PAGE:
July 12th, 2014 |    mangotree

In Chinese medicine, this is the year of the Tiger… I have witnessed tiger parts being sold in Chinese medicine pharmacies in Hong Kong and think with horror of this dying breed and their extinction unless conservation and awareness are fostered among these perpetrators. I live in Costa Rica now and I have had the luck if seeing a black panther and a spotted panther, both in front of my car, one on the road from San Isidro to Dominical and one just south of Uvita. As a child, in Sumatra, Indonesia I used to sneak through the tiger grass around our home to go to the stream to catch tropical fish. One night we were visited by a tiger in our banana patch and found the paw prints the next morning. To this day I have many tiger dreams….all since I ate a tiger heart given to me by a Chinese Coolie who had just killed a man-eating tiger. He handed me the heart and told me to eat it….telling me “It would make me strong and fear-less”. I shudder remembering this incident. At one point I was going to go to Borneo to work with saving the tigers. I am now living in Costa Rica and two of my close friends here in Costa Rica have found themselves staring eye-to eye with a panther on their property. This last month a black panther with her cub were spotted on the property just above us. Today I write about extinction, eco-tourism, keeping the country Green, and plant medicine… all to raise awareness, change thinking and to foster change.

Many families here in Costa Rica have a “jaguar story” and superstitions abound. Natives of Costa Rica believe you can go in the jungle with spots and return sans spots. The Baruca Indians of Costa Rica still construct beautiful balsa Panther masks to scare away the Spaniards. They hold a three day celebration each year around New Years to demonstrate their boldness.

As development was occurring in Costa Rica, the awareness of the need to prevent extinction of these large cat species was fostered. It was discovered that felines like panthers, puma and jaguars need hundreds of hectares of habitat in order to hunt and successfully reproduce. One of the first efforts to save these large animals was to create sanctuaries with all the amenities of the jungle….. a ”hotel tigre”. These habitats needed to be large enough to sustain between 500 and 5000 individuals of each species. Anything less would lead to extinction, Over time and with observation and analysis these less than optimal sanctuaries proved to be unhealthy and insufficient.

In recent investigations of the jaguar genome, it was found that this gene pool is identical from Mexico to the tip of South America. What does this mean? It means these cats have traveled over the centuries, moving up and down whole continents to breed. This is necessary to keep the gene pool intermixed. To not allow this would dampen down the gene pool. The threat of global warming has also created a necessity for migration as food sources shift their habitats.

By the 90’s the area governments implemented the idea of a Paseo Pantera, an uninterrupted corridor of protected forest lands mostly stretching along the Caribbean coast of Central America. Indigenous and campesino groups protested as the governments took over their un-titled large tracts of lands. Fear of being removed and the wealthy elite taking over their lands occurred. In the late 90’s farmers and “campesinos” organized and asserted their role in assigning a large, unbroken land mass and habitat to both the native animals and plants. Mexico joined in and the “Paseo Pantera” expanded and became the Mesoamerican Biological Corridor. Today the aims of this corridor are to protect biodiversity, to connect large reserve sites and to promote social and economic sustainability and diversity with sensitivity to these issues.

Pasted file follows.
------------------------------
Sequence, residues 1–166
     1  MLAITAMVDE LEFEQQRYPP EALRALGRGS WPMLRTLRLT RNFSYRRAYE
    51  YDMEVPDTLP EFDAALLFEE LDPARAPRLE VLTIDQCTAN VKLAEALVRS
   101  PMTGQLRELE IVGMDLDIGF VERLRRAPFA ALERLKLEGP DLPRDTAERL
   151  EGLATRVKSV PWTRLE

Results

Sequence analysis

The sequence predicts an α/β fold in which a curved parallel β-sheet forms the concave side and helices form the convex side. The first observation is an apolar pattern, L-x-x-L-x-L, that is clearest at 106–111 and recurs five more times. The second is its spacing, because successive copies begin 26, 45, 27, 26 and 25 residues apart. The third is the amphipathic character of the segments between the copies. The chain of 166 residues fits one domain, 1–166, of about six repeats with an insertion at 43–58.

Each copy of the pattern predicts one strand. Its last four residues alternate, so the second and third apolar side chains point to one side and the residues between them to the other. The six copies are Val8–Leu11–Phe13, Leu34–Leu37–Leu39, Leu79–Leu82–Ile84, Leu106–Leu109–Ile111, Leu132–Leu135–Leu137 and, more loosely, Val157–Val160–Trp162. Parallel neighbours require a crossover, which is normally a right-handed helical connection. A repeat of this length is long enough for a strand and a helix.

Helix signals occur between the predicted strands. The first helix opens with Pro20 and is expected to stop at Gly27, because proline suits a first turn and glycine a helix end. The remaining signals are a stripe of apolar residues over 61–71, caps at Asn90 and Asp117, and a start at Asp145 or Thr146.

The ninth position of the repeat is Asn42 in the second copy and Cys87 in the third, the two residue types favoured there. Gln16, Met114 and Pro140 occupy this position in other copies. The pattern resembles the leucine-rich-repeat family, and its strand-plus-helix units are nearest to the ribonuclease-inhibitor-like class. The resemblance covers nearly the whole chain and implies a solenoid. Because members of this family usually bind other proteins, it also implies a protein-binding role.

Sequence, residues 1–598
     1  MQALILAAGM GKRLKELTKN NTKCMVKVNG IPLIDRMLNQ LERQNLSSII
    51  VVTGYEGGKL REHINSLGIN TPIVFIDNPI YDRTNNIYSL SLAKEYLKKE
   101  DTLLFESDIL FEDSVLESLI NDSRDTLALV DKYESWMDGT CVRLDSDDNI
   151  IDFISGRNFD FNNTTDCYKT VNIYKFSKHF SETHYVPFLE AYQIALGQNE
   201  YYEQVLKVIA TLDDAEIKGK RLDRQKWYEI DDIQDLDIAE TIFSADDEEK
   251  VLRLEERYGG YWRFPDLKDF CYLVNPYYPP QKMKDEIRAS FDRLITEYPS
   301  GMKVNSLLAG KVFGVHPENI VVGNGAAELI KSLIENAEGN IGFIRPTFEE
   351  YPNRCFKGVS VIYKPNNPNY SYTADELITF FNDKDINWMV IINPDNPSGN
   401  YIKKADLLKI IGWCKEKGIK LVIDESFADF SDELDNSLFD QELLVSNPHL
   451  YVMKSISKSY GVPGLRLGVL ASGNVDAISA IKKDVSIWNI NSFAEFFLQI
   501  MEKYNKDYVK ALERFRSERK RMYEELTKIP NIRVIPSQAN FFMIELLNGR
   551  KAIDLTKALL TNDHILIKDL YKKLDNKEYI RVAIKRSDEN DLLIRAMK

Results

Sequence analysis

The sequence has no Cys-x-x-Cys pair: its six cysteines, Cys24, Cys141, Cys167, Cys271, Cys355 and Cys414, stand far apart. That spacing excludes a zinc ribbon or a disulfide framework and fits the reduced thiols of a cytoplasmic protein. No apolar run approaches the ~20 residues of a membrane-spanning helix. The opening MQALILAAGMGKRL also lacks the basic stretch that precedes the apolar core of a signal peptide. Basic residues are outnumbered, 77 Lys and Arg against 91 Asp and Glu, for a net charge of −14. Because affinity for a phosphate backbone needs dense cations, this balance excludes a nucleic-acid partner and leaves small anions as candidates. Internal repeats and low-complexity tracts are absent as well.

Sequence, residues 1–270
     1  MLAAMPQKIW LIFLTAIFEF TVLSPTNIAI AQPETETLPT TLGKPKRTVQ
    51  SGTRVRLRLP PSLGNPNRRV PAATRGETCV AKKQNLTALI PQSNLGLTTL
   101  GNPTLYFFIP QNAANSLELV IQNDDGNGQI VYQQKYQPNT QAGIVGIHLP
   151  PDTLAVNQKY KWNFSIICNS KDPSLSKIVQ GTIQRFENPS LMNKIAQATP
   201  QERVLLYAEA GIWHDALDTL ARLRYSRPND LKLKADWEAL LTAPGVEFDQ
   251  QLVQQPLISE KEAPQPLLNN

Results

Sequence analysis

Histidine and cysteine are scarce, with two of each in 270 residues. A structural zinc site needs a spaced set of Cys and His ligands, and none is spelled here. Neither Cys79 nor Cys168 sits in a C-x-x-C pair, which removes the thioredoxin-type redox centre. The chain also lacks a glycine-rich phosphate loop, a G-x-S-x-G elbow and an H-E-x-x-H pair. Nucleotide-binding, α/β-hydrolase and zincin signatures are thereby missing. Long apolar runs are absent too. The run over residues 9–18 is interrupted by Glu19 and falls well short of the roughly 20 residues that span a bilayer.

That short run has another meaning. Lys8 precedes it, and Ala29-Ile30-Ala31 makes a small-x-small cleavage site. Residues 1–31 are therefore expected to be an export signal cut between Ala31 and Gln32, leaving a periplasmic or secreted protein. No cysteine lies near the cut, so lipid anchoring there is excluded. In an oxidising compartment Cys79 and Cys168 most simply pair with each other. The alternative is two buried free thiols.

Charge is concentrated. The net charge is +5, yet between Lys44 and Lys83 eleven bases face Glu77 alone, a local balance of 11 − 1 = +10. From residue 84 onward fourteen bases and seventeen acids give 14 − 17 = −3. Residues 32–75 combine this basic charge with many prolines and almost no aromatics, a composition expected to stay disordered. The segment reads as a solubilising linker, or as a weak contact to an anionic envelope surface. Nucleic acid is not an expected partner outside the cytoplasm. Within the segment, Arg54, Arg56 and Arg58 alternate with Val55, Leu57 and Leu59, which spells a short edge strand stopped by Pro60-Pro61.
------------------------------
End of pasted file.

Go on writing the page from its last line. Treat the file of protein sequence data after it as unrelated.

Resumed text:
Because of their habits and shyness, it was found these animals could live in areas with humans. How safe is this for the humans living in these areas? Interestingly, the jaguar-on-the-move is not a jaguar hunting for food. These are very shy, nocturnal animals. The key is not to threaten them. An occasional cow or animal may be sacrificed and, those farmers whose land may sit in the middle of a jaguar corridor have slowly grown accustomed to an occasional loss of a farm animal. Outreach people and programs have helped to pave the way to acceptance of these occasional losses.

Today, developers, outreach programs, the World Bank, countries and individuals are all working to maintain or create safe corridors between these older sanctuaries. It has been found these animals will sometimes risk crossing barriers such as the Panama Canal, four lane highways and so on to migrate and concern is raised that these may not be safe for these large cats. As more and more development occurs in Costa Rica, a conscious effort is being made to evaluate projects (developments, roads, malls, etc.) as to their effect on the large cats and to reduce them in size, forbid others or create limits as needed. Developers in Costa Rica must provide for the safe passage of jaguars through a project or determine if their project would inhibit the passage of the cats and then stop development or modify the project.

What can we each do to enhance awareness and save these magnificent beasts?

Rosemary MacGregor RN MS

506 27896 5300

Tags: extinction, Paseo de Tigre, Year of the tiger